May 18, 2017

An interesting crop of obituaries

Using this space for excerpts and linked to Roger Ailes obituaries:

Matt Taibbi, Rolling Stone

We are a hate-filled, paranoid, untrusting, book-dumb and bilious people whose chief source of recreation is slinging insults and threats at each other online, and we're that way in large part because of the hyper-divisive media environment he discovered.

Ailes was the Christopher Columbus of hate. When the former daytime TV executive and political strategist looked across the American continent, he saw money laying around in giant piles. He knew all that was needed to pick it up was a) the total abandonment of any sense of decency or civic duty in the news business, and b) the factory-like production of news stories that spoke to Americans' worst fantasies about each other.


Bill O'Reilly, USA Today

When stuff hit the fan, as it will when you are doing daily political commentary in a polarized nation, Roger had my back. Even in the beginning when my ratings were not dominant. He defended me in public even while sometimes mocking me in private. He was genuine, charismatic, profane, generous and sincere in his beliefs. He could be brutal verbally but if you were straight with him, he would protect you.

Over the years, I saw Roger literally save people from destruction. And more than a few. He didn't have to do it, there was no benefit to him. In the callous world of TV news, that kind of generosity is rare. If a Fox person had trouble, Roger was the guy to go to. But you had to be honest...

It's easy to make judgments from afar — but fair people know that seeking the truth is a complicated and demanding process. In my opinion, few sought the comprehensive truth about Roger Ailes.


Michael Carlson, The Guardian
While working successfully for big tobacco to stop Bill Clinton’s healthcare reform, Ailes also began producing a syndicated TV show for the radio “shock-jock” Rush Limbaugh, which became a massive hit. He took over the failing CNBC business channel, tripled its profits and made stars of the combative host Chris Matthews and stunning business reporter Maria Bartiromo, setting a formula he followed at Fox: men apparently chosen for bombast and women for looks. But when a second channel he started for NBC, called America Talks, was taken from him and turned into MSNBC, Ailes left the network in 1996 and teamed up with Rupert Murdoch to launch Fox News.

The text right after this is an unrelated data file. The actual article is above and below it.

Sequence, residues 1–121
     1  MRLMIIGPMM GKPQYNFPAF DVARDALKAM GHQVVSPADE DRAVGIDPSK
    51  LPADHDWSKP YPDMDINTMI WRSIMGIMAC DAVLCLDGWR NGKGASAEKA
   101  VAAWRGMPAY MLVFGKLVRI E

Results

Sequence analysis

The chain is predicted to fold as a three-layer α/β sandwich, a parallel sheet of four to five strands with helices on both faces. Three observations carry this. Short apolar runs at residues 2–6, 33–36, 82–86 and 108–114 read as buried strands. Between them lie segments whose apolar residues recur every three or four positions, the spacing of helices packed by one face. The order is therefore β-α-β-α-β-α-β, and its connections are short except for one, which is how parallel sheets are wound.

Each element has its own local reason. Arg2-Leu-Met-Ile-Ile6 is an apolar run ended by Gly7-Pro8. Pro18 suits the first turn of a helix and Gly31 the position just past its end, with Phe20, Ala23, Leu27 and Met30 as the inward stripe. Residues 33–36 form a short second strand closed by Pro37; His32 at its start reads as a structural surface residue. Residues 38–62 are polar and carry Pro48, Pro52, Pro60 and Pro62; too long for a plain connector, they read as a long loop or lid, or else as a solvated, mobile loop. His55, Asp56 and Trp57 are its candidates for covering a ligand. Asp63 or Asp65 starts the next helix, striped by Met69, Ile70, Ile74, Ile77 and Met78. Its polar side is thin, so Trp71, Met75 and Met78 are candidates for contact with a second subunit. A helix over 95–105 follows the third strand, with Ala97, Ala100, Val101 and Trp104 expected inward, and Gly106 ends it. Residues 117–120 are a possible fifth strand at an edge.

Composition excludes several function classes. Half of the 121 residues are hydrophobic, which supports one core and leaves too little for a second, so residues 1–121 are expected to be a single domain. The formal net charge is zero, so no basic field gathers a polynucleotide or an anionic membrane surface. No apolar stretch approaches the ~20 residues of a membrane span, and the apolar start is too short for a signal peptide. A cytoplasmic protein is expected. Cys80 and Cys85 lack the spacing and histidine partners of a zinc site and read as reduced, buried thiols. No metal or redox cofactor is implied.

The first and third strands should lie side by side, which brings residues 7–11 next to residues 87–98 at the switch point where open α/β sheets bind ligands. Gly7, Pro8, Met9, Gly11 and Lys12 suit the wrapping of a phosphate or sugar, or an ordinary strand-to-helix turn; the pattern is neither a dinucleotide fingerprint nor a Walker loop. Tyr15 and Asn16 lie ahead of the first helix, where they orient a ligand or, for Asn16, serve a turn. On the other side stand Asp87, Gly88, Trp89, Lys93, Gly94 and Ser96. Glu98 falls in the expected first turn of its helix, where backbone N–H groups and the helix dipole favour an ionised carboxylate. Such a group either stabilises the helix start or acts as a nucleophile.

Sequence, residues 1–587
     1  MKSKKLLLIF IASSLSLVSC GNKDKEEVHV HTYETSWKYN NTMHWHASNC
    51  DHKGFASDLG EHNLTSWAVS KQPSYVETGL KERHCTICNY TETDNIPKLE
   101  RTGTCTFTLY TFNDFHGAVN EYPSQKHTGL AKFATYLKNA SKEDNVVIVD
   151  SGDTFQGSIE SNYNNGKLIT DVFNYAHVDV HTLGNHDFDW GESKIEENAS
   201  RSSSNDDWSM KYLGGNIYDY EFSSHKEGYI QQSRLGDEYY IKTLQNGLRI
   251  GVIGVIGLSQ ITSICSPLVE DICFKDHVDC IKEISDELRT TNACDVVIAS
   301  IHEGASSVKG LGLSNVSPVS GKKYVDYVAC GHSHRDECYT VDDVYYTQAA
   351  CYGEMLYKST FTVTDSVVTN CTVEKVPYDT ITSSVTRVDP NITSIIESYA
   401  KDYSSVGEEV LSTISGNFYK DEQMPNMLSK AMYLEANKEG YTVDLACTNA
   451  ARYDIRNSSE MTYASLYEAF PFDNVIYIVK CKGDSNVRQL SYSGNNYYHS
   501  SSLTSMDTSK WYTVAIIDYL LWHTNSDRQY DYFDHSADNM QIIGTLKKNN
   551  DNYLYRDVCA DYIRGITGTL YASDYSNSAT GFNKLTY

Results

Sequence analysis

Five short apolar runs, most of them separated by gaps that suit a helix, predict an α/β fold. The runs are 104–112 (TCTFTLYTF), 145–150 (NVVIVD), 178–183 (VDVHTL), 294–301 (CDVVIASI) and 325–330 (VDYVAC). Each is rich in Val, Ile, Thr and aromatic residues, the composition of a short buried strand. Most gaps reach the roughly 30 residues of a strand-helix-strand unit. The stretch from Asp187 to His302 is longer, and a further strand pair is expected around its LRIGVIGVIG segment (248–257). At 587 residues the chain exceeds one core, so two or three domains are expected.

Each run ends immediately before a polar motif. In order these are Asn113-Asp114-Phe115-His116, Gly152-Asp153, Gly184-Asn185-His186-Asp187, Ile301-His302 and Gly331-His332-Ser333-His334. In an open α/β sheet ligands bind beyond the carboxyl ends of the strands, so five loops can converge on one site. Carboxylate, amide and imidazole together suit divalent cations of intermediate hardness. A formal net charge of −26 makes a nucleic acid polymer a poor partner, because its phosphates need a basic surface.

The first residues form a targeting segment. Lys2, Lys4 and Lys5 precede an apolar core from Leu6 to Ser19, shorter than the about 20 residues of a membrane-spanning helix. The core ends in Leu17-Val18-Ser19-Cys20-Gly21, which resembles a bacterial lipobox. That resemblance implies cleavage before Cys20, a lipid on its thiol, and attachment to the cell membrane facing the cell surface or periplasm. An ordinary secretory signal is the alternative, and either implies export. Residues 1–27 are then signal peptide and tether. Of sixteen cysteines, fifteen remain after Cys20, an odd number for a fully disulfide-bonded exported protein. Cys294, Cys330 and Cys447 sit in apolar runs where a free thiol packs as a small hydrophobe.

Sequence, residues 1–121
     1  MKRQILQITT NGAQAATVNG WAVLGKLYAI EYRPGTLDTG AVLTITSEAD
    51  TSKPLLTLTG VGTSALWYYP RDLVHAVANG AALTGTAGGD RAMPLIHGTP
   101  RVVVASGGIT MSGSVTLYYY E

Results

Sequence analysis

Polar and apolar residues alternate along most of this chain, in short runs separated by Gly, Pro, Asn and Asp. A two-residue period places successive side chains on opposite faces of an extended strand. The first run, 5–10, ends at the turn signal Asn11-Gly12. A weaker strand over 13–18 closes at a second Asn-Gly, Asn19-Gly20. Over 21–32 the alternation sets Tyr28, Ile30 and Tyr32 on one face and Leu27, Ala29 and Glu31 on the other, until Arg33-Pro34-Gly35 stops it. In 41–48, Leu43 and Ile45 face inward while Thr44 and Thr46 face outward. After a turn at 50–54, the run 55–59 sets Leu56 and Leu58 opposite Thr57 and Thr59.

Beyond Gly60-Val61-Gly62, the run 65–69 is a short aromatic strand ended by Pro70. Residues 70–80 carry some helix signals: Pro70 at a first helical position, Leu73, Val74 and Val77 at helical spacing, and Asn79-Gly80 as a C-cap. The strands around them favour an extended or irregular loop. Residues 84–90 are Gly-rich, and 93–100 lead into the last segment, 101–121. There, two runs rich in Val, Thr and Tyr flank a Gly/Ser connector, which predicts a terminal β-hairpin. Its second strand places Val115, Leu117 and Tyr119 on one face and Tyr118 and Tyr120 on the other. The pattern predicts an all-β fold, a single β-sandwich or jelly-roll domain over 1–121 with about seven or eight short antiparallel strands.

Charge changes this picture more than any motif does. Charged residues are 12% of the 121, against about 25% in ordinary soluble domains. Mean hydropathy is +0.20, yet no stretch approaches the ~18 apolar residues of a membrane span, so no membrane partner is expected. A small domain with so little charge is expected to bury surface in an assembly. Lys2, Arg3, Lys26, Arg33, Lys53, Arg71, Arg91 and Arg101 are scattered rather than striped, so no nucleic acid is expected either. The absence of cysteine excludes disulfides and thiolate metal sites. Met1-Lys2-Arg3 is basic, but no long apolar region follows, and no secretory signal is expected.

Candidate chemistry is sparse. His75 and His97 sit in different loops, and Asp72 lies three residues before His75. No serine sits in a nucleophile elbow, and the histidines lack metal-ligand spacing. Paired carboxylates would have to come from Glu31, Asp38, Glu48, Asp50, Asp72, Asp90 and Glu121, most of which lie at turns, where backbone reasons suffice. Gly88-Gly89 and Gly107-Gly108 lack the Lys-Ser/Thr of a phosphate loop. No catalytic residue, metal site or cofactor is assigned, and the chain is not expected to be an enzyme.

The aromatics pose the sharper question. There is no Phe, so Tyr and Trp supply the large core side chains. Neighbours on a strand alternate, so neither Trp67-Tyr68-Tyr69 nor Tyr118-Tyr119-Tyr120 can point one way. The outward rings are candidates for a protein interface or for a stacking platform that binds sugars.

Clyde Haberman, New York Times

As [Fox News'] chairman and chief executive, Mr. Ailes was widely feared, particularly by conservative politicians who sought his favor. He cultivated a swaggering persona, accentuated by bursts of obscenity-laced anger. Once, he became so enraged that he punched a hole in the wall of a control room.

“I don’t ignore anything,” he acknowledged in a 2003 profile in The New Yorker. “Somebody gets in my face, I get in their face.”

Years earlier, Lee Atwater, whose remorseless approach to politics matched that of Mr. Ailes when they worked together on George H.W. Bush’s 1988 presidential campaign, described his colleague as having “two speeds: attack and destroy.”


Stephen Battaglio, Los Angeles Times

[Former CNN president Rick] Kaplan said Ailes was also a brilliant TV producer who was keenly aware that even with talking heads, he was working in a visual medium. Fox News always had state-of-the-art graphics and animation. His penchant for putting attractive women on the air, with legs displayed on the set, was well known.

“Roger has a very visually pleasing network in terms of look and color and form,” Kaplan said. “Roger cared about what it looked like.”


The Onion


TOF Comment
Say what you want about the whole sex predator / wrecking American political discourse thing, I thought this book by Ailes, first published in the late 80s, was excellent.  Following its advice helped my career.  Goes in the same bin as the Cosby albums now, but still.


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